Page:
The trail along the top was rarely steep going up or down. Only a couple of climbs included small switchbacks to ease the gradient. I was glad for this because I didn't have to focus much on where I was placing my feet. I could keep an eye on the sky and the views.

A sign marks the direction to Jones Pass

At 10:25 a.m., OT and I reached the top of another unnamed peak before Bobtail Benchmark. This one stood at 12,738 feet. I could see Torreys Peak from there, but it was blocking a view of Grays Peak.

The weather continued to look more threatening, and that threat was soon confirmed when I saw a lightning strike in the distance.

The trail descends

OT and I agreed we should push hard to get over the last high point, Hassell Peak. We could see it when we reached Bobtail Benchmark, and we knew the trail would descend below the treeline after that.

We agreed to keep going and not stop for lunch until after we got on the other side where it would be a little safer. For now, we needed to keep going because there didn't seem to be any doubt of bad weather heading our way.

The rolling top of the ridge

Although the trail was still following ups and downs over the top of the ridge, it wasn't difficult to walk at a steady pace. The short changes in elevation weren't enough to slow us down.

Before long, we passed where the trail intersected with the Jones Pass Trail, which was part of a route called the Silverthorne Alternate. It used to be the official route and rejoins the CDT at Copper Mountain.

We didn't plan to take the alternate because we wanted to stay on the official route to go over Grays Peak.

There was no indication from the ridge's appearance, but we were crossing above two tunnels on this section. One was the Henderson tunnel, part of the molybdenum mine I saw yesterday. The other one was the August P. Gumlick Tunnel. It carries water to the Moffat Tunnel system, which I described when we crossed Rollins Pass.

Rain falls in the distance

After Jones Pass came Robeson Peak. Before we got there, I looked back to the northwest and saw a large rainstorm. This wasn't where I had seen flashes of lightning earlier. Was it the same storm that had moved or a different one? I couldn't tell.

I also couldn't tell what direction the storm was moving, but it didn't matter. We weren't going to escape the rain if it came our way.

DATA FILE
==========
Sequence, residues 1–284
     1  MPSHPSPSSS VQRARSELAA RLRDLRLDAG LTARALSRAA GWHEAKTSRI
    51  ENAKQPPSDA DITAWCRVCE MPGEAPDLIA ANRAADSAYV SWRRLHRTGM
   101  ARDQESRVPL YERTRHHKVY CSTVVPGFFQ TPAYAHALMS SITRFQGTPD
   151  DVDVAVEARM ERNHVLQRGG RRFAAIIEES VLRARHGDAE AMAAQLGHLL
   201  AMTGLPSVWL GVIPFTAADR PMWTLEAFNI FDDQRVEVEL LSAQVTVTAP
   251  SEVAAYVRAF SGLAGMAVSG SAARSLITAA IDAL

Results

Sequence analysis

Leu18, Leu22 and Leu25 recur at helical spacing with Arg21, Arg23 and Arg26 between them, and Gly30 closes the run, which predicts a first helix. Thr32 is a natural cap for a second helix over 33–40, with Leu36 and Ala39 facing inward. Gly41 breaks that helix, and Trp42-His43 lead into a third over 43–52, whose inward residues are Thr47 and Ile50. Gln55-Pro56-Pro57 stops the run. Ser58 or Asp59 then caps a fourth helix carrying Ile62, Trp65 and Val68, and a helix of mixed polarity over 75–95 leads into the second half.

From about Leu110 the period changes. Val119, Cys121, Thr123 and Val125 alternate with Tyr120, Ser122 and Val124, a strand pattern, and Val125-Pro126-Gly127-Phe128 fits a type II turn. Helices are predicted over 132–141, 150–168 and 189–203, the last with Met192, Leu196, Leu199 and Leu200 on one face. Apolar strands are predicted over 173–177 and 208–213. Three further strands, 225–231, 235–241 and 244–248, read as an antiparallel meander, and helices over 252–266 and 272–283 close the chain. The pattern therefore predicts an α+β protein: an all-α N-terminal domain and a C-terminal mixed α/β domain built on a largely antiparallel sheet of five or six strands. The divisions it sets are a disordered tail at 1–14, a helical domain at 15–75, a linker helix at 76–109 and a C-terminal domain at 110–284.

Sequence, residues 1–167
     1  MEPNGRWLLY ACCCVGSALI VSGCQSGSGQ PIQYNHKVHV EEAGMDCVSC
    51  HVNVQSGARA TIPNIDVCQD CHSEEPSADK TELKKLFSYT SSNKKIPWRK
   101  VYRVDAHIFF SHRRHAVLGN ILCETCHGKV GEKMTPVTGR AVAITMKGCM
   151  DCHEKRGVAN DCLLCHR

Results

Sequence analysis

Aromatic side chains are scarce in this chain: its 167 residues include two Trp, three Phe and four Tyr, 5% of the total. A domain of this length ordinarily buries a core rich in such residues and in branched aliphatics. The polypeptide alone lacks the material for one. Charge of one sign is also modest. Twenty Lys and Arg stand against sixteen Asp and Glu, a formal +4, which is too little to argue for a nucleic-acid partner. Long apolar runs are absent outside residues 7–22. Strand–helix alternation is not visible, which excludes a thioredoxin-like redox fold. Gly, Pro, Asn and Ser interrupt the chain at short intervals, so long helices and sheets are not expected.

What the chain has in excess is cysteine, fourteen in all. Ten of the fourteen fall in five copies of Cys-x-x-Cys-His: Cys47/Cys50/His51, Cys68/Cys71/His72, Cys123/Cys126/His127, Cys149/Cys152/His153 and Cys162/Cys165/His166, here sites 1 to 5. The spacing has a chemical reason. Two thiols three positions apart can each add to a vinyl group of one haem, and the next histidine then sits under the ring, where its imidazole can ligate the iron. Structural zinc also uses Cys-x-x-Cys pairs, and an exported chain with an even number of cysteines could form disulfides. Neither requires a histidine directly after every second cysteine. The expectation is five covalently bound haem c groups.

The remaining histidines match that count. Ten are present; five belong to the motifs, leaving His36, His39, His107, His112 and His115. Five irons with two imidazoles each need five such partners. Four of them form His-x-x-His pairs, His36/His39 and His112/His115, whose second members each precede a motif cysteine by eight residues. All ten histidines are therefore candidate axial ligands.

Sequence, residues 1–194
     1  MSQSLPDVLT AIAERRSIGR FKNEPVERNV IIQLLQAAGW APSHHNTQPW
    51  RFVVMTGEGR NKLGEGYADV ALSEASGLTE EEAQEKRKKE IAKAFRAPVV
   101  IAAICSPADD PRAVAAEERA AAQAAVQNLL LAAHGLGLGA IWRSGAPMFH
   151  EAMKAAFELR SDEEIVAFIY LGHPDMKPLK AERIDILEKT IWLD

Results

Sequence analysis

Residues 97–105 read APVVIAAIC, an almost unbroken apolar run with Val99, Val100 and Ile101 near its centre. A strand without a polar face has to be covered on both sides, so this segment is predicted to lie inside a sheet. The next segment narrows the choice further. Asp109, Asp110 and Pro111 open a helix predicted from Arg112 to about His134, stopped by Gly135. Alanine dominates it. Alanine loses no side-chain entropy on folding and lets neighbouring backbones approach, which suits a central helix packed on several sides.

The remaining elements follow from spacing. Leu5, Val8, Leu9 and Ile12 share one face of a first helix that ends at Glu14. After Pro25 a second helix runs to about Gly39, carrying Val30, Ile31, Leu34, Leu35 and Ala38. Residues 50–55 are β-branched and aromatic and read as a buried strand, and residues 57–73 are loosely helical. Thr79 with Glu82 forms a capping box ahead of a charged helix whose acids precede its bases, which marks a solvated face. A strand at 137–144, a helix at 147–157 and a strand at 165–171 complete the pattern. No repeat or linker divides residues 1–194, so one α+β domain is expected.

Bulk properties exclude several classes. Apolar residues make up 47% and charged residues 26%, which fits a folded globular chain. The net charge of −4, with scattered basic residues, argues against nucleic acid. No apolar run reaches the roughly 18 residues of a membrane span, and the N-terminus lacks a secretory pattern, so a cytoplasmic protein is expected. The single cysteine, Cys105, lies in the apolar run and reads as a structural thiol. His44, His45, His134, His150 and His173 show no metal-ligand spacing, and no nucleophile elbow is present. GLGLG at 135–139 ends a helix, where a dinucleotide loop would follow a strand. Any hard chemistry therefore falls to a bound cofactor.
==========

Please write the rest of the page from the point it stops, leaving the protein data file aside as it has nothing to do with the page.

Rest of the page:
A descended cloud formation

Twenty minutes later, I noticed another large, dark cloud. This one was to the southeast of me. It was low, almost scraping the tops of the mountains. I watched it carefully because formations like this are often on the leading edge of a severe storm.

Rain was falling in the distance, behind the descended formation.

A cloud crosses the ridge

As OT and I approached Hassell Peak, the mountaintop became blanketed by the cloud. Thankfully, there wasn't any precipitation or lightning coming from the cloud.

OT stands at the top of Hassell Peak

We reached the top of Hassell Peak at 1:20 p.m. Clouds continued to hover low around it.

Oddly for a mountain that stood above 13,000 feet, its name wasn't shown on the USGS topo map.

Leaving Hassell Peak

We didn't stay long at the top. We didn't want to hang around and give the weather a chance to change, and the views were partially obscured because of the clouds. We continued down for about a half-mile before stopping for lunch.

Neither one of us had seen Top O' all day today. As we ate lunch, OT noticed white specks on the mountain opposite us. They appeared to be moving. It took a moment to realize the specks were mountain goats.

Descending to near the treeline

We almost took a wrong turn on the descent. The trail came to a junction with another trail, which led to Pettingell Peak. The Guthook app made no mention of the other trail, and we caught our mistake just a few steps after turning the wrong way.

The trail dropped to the treeline and into a shallow valley. Clouds ahead looked fiercely dark as we approached another ridge to go over and enter Herman Gulch.

An approaching storm

On the other side of that ridge, we could see why the clouds appeared so dark. A massive rainstorm was hitting the mountains east of Herman Gulch. It was impossible to tell yet if the storm was heading our way, but it looked bad enough to be concerned about it.

We didn't want to stop until we found Top O', and we didn't have to go much farther to do that. When we found him, he had already set up his tent in the gulch, and we quickly did the same.

Campsite in Herman Gulch

The spot Top O' picked was protected in some trees and about 150 yards or so from a stream. Though the time was just 4 p.m., it seemed like Top O' had made a wise decision to stop.

After I pitched my tent, I threw my pack inside in case the storm arrived while I was collecting water. That didn't turn out to be the case. Rain didn't arrive until after I returned. There was some thunder, but otherwise, it was just an ordinary shower and not a bad storm.

Our campsite was a little farther away from Grays Peak than where we hoped to stop. Still, we had just 13 miles to go to reach the summit. We decided to get up at 4 a.m. to give ourselves extra time to get there.

We wanted an early start for a better chance of reaching the summit before an afternoon storm came through. As it turned out, however, the timing ruined a chance to see a longtime friend.

Oops, I did it again
I played with your heart
Got lost in the game
Oh, baby, baby
Oops, you think I'm in love
That I'm sent from above
I'm not that innocent


"Nothing to tell now. Let the words be yours, I'm done with mine."ref.